Are You Guilty of Sharenting? How to Stop

sharenting

05 Oct Are You Guilty of Sharenting? How to Stop

‘Sharenting’- the phenomenon of over-sharing images and information about your children is a part of everyday life for most children and teenagers today with 81% of children having some form of online presence (through their parents) by the age of 2. In fact, by the age of five, most parents have shared upwards of 1500 images of their children online. With many parents and guardians viewing Facebook folders as the natural progression from family photo-albums this is causing tensions between families across the world.

What is sharenting?

Sharenting is the act of posting about children and minors under your care (either in a personal or professional capacity) without their knowledge/ consent. This can take the obvious form of posting potentially embarrassing images of your children naked in the bath (which 19% of American parents admit to having done) as well as a more nuanced version including using children’s email addresses to sign up to things, tracking your fertility and more. Many seemingly insignificant decisions can have a great impact on your child’s digital footprint so beware.

Why is it a problem?

The first and most obvious problem with sharenting is that by posting images and information about your children online without their consent (either if they are too young or it is done without their knowledge) robs them of the autonomy and agency to decide if they wish to have a digital presence. As adults we are capable of making the decision to bargain for services offered online in exchange surrendering data about ourselves but our children cannot. Plunket, author of a book on this very subject, argues that as we learn more about the our cost this can have on our privacy and data, we should be supporting children to maintain analogue lives and avoid the ‘digital dossier’ which may stretch back in their cases to pre-birth?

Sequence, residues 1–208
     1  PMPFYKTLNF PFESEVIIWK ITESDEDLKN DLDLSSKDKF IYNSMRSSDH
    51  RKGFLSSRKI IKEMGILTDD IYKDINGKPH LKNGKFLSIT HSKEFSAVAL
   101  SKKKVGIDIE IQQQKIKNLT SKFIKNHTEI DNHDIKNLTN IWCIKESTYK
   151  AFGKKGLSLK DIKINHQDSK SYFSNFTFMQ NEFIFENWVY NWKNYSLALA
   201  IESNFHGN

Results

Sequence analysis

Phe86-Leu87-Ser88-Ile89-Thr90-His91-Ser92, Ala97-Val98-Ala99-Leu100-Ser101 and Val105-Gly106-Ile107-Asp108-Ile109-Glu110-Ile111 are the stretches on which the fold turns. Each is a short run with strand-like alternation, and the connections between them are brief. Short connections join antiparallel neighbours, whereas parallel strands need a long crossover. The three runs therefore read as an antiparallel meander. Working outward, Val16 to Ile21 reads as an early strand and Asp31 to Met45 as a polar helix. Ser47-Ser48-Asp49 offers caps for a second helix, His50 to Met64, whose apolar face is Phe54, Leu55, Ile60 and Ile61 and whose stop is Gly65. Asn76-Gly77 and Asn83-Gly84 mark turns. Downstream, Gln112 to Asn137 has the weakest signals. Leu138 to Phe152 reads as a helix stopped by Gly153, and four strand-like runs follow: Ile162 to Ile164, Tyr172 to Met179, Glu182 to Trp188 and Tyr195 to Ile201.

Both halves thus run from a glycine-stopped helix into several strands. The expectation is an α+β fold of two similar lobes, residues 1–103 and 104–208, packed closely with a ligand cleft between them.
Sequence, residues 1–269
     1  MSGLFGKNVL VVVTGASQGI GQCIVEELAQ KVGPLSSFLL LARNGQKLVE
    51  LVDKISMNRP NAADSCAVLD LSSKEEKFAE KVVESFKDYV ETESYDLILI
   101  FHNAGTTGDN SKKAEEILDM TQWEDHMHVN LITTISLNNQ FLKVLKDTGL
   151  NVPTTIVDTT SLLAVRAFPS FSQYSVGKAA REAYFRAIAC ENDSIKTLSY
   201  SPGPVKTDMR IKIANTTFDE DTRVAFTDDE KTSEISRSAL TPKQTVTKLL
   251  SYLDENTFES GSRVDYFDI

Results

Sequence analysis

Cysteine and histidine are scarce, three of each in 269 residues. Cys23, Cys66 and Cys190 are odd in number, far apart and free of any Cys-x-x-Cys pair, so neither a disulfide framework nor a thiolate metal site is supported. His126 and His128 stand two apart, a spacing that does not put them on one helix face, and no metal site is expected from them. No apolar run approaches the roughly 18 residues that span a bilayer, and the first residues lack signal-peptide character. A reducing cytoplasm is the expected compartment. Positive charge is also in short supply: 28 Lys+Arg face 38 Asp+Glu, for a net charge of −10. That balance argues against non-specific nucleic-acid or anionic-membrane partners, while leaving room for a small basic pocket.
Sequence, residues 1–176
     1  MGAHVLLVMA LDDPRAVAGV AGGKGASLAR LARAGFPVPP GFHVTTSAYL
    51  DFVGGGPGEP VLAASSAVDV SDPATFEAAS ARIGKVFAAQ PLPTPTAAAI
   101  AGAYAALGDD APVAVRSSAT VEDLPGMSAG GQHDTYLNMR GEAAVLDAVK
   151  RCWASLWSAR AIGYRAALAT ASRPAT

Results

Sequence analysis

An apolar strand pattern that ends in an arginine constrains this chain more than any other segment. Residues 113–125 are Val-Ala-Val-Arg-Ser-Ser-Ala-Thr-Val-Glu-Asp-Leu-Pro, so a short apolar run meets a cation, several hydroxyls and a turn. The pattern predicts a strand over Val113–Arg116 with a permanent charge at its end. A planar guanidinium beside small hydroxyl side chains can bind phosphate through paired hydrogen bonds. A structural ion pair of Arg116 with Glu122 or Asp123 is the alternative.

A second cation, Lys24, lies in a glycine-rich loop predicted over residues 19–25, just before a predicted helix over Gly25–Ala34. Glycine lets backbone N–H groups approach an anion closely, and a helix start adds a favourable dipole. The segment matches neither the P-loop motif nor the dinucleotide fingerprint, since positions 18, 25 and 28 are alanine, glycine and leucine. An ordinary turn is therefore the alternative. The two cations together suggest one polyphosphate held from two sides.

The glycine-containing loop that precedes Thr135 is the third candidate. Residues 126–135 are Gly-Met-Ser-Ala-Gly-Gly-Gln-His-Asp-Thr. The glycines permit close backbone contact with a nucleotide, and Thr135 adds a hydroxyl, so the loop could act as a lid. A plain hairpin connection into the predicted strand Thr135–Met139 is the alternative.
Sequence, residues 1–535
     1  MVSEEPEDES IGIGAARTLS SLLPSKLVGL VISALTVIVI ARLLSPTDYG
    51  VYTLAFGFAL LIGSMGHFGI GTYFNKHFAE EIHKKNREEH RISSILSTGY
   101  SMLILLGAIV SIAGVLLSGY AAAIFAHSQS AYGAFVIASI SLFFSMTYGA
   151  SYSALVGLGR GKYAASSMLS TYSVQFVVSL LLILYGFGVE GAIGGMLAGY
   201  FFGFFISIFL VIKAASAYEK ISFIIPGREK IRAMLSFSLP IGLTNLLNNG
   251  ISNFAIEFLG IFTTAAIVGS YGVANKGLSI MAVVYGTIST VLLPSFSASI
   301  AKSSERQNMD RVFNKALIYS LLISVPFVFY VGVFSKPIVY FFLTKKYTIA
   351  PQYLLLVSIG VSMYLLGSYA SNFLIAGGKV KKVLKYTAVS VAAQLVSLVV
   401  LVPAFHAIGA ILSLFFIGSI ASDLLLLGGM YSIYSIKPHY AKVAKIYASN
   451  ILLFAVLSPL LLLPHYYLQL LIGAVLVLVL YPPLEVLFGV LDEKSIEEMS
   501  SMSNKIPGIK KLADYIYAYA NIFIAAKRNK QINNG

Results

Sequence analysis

sharenting

Not only that but it denies them any control over the perception of themselves presented to the world which may go on to impact career aspirations, friendships and more.

Aside from the consent issues raised by a refusal of many parents to respect the autonomy and wishes of their children there are real security threats to children arising from their parents overuse of social media. For example, studies estimate that by 2030 over 60% of identity fraud will have originated from sharenting.

How to stop

First off we would recommend you delete any images of your children from your social media. Carry out a purge and commit to not posting in the future. If this seems too extreme a reaction you can always find ways to work around these restrictions without compromising the privacy of your children.

Many content creators online do not feel comfortable posting about their children due to their increased exposure to the online world and advanced understanding of the impact this can have. Melanie Murphy for example only posts images of her child with his face turned away from the camera and has not publicly announced his name which could be an option to take.

The most important part of your decision making should be educating yourself and your children about the impact sharenting can have and then giving them the choice (once they are old enough) for things to be posted. For example, you could give them veto power over any posts concerning them, or agree to increase your privacy settings, whatever makes you both feel more comfortable.

If you want to learn more about ‘sharenting’ and the many other ways in which our digital habits are changing our lives – and how to fix them – you can read more in Tanya Goodin’s new book: ‘My Brain Has Too Many Tabs Open’.

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